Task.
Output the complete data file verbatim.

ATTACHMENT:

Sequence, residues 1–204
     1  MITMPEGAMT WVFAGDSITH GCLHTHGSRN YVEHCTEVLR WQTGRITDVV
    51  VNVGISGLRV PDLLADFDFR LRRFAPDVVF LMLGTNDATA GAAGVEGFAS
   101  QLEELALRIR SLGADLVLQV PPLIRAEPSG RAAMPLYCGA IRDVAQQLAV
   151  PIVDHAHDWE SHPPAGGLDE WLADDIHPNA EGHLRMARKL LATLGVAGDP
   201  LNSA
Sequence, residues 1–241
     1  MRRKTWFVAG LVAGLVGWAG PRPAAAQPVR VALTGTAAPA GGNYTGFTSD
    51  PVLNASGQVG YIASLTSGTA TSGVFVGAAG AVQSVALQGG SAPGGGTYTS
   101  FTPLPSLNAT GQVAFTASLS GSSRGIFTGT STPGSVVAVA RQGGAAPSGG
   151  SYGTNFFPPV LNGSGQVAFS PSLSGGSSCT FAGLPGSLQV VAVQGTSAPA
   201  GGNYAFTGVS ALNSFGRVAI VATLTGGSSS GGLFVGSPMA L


Sequence, residues 1–204
     1  MITMPEGAMT WVFAGDSITH GCLHTHGSRN YVEHCTEVLR WQTGRITDVV
    51  VNVGISGLRV PDLLADFDFR LRRFAPDVVF LMLGTNDATA GAAGVEGFAS
   101  QLEELALRIR SLGADLVLQV PPLIRAEPSG RAAMPLYCGA IRDVAQQLAV
   151  PIVDHAHDWE SHPPAGGLDE WLADDIHPNA EGHLRMARKL LATLGVAGDP
   201  LNSA
Sequence, residues 1–241
     1  MRRKTWFVAG LVAGLVGWAG PRPAAAQPVR VALTGTAAPA GGNYTGFTSD
    51  PVLNASGQVG YIASLTSGTA TSGVFVGAAG AVQSVALQGG SAPGGGTYTS
   101  FTPLPSLNAT GQVAFTASLS GSSRGIFTGT STPGSVVAVA RQGGAAPSGG
   151  SYGTNFFPPV LNGSGQVAFS PSLSGGSSCT FAGLPGSLQV VAVQGTSAPA
   201  GGNYAFTGVS ALNSFGRVAI VATLTGGSSS GGLFVGSPMA L